Foursquare and Factual have joined forces with the aim to become a location-based data giant.
Foursquare CEO David Shim boasted that by combining the two companies, “Foursquare is now the undisputed independent leader in location technology and data”.
“Individually, we’ve each built strong, successful companies that have made significant impacts on the industry,” he said in a blog post.
“Together, we’ll drive new, market-leading innovation to enable organizations around the world to further tap into the power of location, while continuing to serve as outspoken leaders calling for the responsible collection and use of data.”
As part of the merger, Factual founder Gil Elbaz will join Foursquare co-founder Dennis Crowley on the executive team and board.
Shim will remain in his position as CEO. Shim was appointed to the CEO role at the end of last year after joining Foursquare in June as president.
This latest merger follows Foursquare’s acquisition of Placed last year from Snapchat. Placed was founded by Shim in 2011 before it was acquired by Snapchat in 2017.
“Following Foursquare’s acquisition of Placed last year and upon the integration with Factual, together we’ll offer customers a united product portfolio, providing the best in highly scalable audiences, offline attribution, point of interest (POI) data and developer tools that will enable companies to tap into data and insights that optimize their marketing and business decisions,” Shim said.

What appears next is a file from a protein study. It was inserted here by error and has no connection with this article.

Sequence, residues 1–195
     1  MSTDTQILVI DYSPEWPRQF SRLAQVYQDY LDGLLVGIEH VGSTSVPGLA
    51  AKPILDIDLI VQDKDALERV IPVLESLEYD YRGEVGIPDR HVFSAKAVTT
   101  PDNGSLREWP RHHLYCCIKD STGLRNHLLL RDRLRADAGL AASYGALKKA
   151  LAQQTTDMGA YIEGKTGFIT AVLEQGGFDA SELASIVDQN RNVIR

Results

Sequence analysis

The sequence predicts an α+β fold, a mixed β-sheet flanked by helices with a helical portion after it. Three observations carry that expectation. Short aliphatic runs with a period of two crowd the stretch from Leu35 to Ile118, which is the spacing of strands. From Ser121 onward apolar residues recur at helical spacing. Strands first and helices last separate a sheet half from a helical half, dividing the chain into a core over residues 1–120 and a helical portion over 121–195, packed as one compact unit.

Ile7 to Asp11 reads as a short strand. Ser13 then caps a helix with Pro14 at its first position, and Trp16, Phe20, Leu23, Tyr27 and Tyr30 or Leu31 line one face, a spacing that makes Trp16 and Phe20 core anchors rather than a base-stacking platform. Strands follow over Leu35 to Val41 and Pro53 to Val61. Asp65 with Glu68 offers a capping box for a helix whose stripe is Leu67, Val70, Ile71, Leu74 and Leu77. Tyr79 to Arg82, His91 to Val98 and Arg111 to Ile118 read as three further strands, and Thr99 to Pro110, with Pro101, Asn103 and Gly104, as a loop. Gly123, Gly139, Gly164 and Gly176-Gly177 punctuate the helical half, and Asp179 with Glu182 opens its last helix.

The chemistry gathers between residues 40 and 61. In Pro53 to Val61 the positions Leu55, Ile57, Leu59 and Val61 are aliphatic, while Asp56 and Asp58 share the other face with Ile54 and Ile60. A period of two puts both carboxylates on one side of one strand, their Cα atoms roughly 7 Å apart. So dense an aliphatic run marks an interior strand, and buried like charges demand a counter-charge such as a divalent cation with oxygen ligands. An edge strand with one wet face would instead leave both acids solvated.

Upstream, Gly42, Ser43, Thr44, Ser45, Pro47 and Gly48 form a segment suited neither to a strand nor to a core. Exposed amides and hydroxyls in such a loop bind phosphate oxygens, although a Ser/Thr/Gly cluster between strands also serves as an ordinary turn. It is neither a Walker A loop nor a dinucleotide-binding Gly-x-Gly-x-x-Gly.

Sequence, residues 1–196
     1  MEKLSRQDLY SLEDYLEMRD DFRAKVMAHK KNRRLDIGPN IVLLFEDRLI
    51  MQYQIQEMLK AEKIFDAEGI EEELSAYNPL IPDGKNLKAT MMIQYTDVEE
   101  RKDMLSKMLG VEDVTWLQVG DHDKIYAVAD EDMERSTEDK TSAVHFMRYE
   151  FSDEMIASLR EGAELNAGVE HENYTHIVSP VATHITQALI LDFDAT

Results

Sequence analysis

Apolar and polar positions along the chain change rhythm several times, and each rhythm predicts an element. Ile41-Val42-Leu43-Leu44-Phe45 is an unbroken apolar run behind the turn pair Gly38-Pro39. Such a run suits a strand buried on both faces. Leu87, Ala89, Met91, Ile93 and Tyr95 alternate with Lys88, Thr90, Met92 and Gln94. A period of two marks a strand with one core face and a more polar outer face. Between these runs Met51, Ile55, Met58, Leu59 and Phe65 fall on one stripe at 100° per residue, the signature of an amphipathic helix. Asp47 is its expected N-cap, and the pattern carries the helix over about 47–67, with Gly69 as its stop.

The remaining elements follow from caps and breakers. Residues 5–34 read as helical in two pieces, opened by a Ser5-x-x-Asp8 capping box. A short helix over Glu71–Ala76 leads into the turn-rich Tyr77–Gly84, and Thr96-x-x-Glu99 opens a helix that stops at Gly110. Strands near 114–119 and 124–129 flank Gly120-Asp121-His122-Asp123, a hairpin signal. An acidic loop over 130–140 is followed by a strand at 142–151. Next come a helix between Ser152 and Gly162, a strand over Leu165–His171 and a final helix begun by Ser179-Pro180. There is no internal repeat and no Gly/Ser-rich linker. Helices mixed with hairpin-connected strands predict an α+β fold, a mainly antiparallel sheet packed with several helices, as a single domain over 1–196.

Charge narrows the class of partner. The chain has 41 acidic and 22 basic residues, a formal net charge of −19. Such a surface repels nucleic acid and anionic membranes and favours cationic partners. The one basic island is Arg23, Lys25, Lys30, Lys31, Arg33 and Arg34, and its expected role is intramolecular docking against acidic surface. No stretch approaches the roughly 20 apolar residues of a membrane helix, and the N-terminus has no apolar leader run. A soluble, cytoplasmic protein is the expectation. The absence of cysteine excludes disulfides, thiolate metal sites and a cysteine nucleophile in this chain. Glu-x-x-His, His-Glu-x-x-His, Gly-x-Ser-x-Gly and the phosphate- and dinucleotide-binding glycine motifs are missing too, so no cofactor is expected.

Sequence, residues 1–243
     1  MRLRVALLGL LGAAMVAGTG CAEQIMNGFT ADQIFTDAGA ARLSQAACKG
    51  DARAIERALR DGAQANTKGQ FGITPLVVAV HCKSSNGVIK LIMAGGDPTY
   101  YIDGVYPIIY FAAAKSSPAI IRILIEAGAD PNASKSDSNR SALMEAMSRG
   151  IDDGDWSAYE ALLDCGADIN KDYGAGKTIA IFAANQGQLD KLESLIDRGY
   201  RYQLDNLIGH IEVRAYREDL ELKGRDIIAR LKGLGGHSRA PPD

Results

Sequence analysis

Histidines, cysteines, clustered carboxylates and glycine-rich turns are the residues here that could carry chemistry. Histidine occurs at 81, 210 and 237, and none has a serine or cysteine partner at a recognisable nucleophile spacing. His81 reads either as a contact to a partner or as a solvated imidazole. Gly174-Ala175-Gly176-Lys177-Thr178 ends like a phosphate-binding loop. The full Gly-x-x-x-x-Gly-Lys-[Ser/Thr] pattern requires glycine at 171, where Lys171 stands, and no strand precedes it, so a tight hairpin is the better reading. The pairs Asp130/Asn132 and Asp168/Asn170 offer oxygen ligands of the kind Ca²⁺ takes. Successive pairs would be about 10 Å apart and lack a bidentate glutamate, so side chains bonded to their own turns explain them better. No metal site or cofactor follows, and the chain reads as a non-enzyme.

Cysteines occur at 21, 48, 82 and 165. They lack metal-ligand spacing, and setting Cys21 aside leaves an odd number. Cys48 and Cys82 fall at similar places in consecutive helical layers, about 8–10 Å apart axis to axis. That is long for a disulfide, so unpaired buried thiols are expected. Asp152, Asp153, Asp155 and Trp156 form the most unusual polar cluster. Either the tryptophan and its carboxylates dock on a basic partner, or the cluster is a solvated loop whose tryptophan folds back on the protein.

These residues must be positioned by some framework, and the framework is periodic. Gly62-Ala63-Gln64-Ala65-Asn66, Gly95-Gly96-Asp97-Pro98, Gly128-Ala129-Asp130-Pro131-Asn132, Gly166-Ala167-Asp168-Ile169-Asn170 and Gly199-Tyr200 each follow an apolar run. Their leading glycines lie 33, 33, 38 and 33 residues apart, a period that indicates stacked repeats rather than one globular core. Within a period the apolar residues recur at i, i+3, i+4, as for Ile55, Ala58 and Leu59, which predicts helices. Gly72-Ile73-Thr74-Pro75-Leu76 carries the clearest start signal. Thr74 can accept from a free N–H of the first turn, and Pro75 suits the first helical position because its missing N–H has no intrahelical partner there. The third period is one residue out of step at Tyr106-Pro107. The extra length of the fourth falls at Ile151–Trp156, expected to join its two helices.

Foursquare also boasted that the “new” Foursquare would give the company access to more than 500 million devices worldwide, and more than 105 million points of interest across 190 countries and 50 territories.
Microsoft, Uber, Samsung, and Twitter are some of Foursquare’s existing customers.
Naver Labs, the research subsidiary of South Korean search giant Naver, will work with US-based Foursquare to develop a new point-of-interest (POI) search engine for global deployment.
Salesforce plans to use the acquisition to bolster its own data analytics capabilities within Marketing Cloud.
Twitter, Instagram, and others are stumping up $5.3m to settle a privacy suit with implications for those who used social-media apps on an iPhone in 2012 or earlier.
Hackers targeted the tech companies as recently as February 2016, but Foursquare denied a breach.